If terms for white patterns were ranked in terms of most generic to most specific, this is the top of the generic list. In genetics, white spotting is “the absence of melanocytes (pigment cells) from part or all of the locations in the body where they are normally found”. In horses, white spotting is a term often used to talk about sabino phenotypes. It is also useful as a clarification for the “dominant white” mutations that produce pinto phenotypes (as opposed to all-white) since “W” can mean either “white” or “white spotted”. However, the term is not actually unique to the W mutations and is regularly used in its broadest sense in peer-reviewed papers.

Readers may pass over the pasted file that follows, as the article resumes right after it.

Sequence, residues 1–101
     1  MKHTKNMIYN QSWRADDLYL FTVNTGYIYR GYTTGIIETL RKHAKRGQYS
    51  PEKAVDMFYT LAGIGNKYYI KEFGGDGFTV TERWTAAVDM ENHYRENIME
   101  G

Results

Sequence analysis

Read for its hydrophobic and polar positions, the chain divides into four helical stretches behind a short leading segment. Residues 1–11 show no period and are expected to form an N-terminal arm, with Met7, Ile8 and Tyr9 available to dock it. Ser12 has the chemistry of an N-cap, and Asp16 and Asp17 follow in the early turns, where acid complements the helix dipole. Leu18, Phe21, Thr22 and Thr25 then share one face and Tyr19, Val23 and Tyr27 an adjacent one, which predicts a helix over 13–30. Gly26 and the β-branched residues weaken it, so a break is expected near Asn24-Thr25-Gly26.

This term is used in the earliest published papers about patterns that are now known to be part of this group. The letter used to designate many of these patterns (W) comes from those papers. Although claims that this term is no longer in use are common online, that is not accurate. It is not a term I tend to use much, but it is not wrong.

My preference when speaking of this group of patterns is “sabino.” I believe that sabino, the traditional term for them, is useful because it allows these diverse phenotypes to be spoken of as a group. It also does not demand a categorical decision about issues that currently may be unclear, like the possibility of homozygotes. In my own writings (which reflect the way I keep research notes) I also use a handful of phenotypic subcategories. Four of those – all-white, near-white, sabino roan, patchy sabino – are pictured above. I’ll post more about those, and the one not pictured (bragada), in the near future.